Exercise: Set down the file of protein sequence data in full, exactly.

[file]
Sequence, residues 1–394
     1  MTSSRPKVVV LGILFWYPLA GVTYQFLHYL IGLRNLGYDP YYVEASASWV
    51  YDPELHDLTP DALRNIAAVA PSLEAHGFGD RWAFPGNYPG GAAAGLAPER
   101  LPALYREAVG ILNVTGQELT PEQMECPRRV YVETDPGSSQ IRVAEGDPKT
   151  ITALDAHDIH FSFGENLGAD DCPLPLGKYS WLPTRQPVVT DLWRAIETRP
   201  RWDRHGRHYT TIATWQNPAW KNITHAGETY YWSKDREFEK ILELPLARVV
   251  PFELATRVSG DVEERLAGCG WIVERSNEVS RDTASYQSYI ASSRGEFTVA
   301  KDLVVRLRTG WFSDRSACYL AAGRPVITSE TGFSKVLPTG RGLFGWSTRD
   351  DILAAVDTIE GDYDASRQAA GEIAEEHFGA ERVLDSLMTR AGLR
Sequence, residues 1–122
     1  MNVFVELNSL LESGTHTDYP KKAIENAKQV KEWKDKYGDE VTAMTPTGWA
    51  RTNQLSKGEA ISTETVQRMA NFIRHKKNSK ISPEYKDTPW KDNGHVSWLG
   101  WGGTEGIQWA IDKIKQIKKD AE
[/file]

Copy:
Sequence, residues 1–394
     1  MTSSRPKVVV LGILFWYPLA GVTYQFLHYL IGLRNLGYDP YYVEASASWV
    51  YDPELHDLTP DALRNIAAVA PSLEAHGFGD RWAFPGNYPG GAAAGLAPER
   101  LPALYREAVG ILNVTGQELT PEQMECPRRV YVETDPGSSQ IRVAEGDPKT
   151  ITALDAHDIH FSFGENLGAD DCPLPLGKYS WLPTRQPVVT DLWRAIETRP
   201  RWDRHGRHYT TIATWQNPAW KNITHAGETY YWSKDREFEK ILELPLARVV
   251  PFELATRVSG DVEERLAGCG WIVERSNEVS RDTASYQSYI ASSRGEFTVA
   301  KDLVVRLRTG WFSDRSACYL AAGRPVITSE TGFSKVLPTG RGLFGWSTRD
   351  DILAAVDTIE GDYDASRQAA GEIAEEHFGA ERVLDSLMTR AGLR
Sequence, residues 1–122
     1  MNVFVELNSL LESGTHTDYP KKAIENAKQV KEWKDKYGDE VTAMTPTGWA
    51  RTNQLSKGEA ISTETVQRMA NFIRHKKNSK ISPEYKDTPW KDNGHVSWLG
   101  WGGTEGIQWA IDKIKQIKKD AE